capacities to indicate CGN performance as follows:

   -  Through put
   -  MCS: Max Concurrent Sessions
   -  CPS: Connections per Sec

   These capacities are not independent of each other, but become mixed
   load for CGN.  Each load will be combined in real network traffic,
   thus using subscriber emulated traffic is important for measuring the
   performance in realistic way.

   Through put is forwarding performance of CGN.  Currently CGN
   equipments with an IF of 1GigabitEthernet and 10GigabitEthernet are
   flagship models of the manufactures, but CGN has an upper limit
   internally because the performance depends on internal devices such
   as CPUs.  By ON / OFF of ALGs (Application Level Gateway), the
   forwarding performance will be affected because the traffic process
   is possibly changed to the path through CPU.

   MCS shows an upper limit of numbers of records kept in NAT table.
   Number of holding sessions depends on retention time of NAT table.
   That is because, even after the end of data transmission, the NAT
   table is held in a certain period of time to guarantee the behavior
   of an application.  As described in
   [I-D.ietf-behave-lsn-requirements] REQ-8, if the CGN tracks TCP
   sessions, NAT tables may be released when RST or FIN of TCP has been
   observed.  In case of TCP session where RST or FIN session has not



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   been observed, and UDP and ICMP communication, NAT table should
   retain a certain amount of time.  Also, in case of Full Cone NAT, a
   table of Full Cone NAT also should retain a certain time to await
   communication from outside for a certain period of time.  It is
   effective to shorten the time-out value in order to suppress the
   overflowing NAT table, but it is needed to be careful not to inhibit
   the behavior of the application.  It is desirable that retention time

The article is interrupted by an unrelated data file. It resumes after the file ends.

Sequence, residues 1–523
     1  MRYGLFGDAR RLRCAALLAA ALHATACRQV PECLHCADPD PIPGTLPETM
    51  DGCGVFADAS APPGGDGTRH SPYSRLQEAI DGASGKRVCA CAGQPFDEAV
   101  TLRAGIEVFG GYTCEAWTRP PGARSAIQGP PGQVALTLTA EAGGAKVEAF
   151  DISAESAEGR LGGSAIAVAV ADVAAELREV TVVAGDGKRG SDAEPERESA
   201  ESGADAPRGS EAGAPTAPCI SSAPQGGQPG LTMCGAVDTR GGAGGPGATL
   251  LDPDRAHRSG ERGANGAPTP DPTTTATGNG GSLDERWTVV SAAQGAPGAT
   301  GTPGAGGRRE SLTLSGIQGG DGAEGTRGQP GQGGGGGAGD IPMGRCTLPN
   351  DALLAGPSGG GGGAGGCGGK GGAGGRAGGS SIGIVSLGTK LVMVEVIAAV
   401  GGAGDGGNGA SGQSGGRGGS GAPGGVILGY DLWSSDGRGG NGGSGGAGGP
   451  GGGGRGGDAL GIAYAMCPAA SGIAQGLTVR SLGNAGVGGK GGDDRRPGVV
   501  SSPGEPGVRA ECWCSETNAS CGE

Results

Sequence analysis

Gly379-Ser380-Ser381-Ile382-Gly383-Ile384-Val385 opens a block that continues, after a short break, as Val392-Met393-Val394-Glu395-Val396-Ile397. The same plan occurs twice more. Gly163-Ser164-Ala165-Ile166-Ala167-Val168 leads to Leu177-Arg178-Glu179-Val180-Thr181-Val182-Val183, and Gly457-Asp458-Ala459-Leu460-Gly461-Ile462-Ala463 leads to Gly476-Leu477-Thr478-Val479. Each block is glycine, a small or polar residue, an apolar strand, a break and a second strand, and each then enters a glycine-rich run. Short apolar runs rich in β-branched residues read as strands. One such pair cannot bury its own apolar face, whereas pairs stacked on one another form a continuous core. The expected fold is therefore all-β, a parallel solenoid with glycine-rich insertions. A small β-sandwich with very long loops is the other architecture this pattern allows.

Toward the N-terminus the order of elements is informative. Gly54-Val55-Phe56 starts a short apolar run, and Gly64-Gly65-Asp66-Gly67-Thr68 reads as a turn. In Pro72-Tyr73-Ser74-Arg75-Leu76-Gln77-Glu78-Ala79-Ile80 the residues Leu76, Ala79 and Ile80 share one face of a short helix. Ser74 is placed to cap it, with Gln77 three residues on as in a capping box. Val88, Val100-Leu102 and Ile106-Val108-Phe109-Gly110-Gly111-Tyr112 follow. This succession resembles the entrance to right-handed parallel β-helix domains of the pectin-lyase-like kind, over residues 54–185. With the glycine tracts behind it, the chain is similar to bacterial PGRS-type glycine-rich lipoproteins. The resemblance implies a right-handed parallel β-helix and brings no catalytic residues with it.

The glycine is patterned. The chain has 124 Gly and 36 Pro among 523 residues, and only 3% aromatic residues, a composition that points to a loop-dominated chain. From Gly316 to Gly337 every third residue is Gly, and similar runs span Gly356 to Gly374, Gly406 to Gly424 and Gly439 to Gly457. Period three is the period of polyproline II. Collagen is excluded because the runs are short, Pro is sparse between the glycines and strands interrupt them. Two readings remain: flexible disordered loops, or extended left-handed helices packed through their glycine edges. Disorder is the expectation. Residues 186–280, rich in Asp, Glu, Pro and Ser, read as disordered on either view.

of NAT table is configurable as time-out value.  In the experiment,
   the time-out values are as follows:


      +------------------+---------+--------+--------+--------+--------+
      |     Protocols    |  TCP    |  TCP   |  UDP   |  DNS   |  ICMP  |
      |                  |         |  SYN   |        |        |        |
      +------------------+---------+--------+--------+--------+--------+
      | Time-out Value   |   300   |   60   |   300  |    3   |    2   |
      +------------------+---------+--------+--------+--------+--------+
     Figure 2: The time-out values (sec) in the experiment.


                                 Figure 2

   These settings didn't break the behavior of applications.

   It is very difficult to estimate maximum number of concurrent
   sessions in the network where traffic is already flowing.  Maximum
   number of concurrent sessions was estimated to be 1M sessions per
   10,000 users by our assumption as follows:

   Max Concurrent Sessions (MCS) = # of Subscriber (S) * a * N

   As the result, it is verified that tested current CGN is able to have
   16M sessions for 160,000 subscribers with the capability of the
   dynamic assignment and logging.  It means that introducing CGN up to
   about 15G traffic section is capable, which implies that CGN can be
   placed to more centralized position of the network.  In summary, the
   settings and the performance result are as follows:














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      +----------------------------------------------+
      |                                 |  Assumed   |
      |                                 |  Values    |
      +---------------------------------+------------+
      |   average # of sessions(N)      |      400   |
      +---------------------------------+------------+
      | % of the active subscribers (a) |       25   |
      +---------------------------------+------------+
      |                                 |  Verified  |
      |                                 |  Values    |
      +---------------------------------+------------+
      |   # of Subscriber (S)           |  160,000   |
      +---------------------------------+------------+
      |   Max Concurrent Sessions(MCS)  | 16,000,000 |
      +---------------------------------+------------+
      |   Connection Per Sec(CPS)       |   30,000   |
      +---------------------------------+------------+
      |   # of pool address (P)         |    4,000   |
      +---------------------------------+------------+
      |   size of log (L) (in 10min)    |    7.0GB   |
      +---------------------------------+------------+

     Figure 3: The performance results of tested CGN.


                                 Figure 3

   In the verification, session arrival rate by emulated subscribers was
   not so high because the load of concurrent sessions is noticeable in
   the equipment used in the experiment.  There were no problems in weak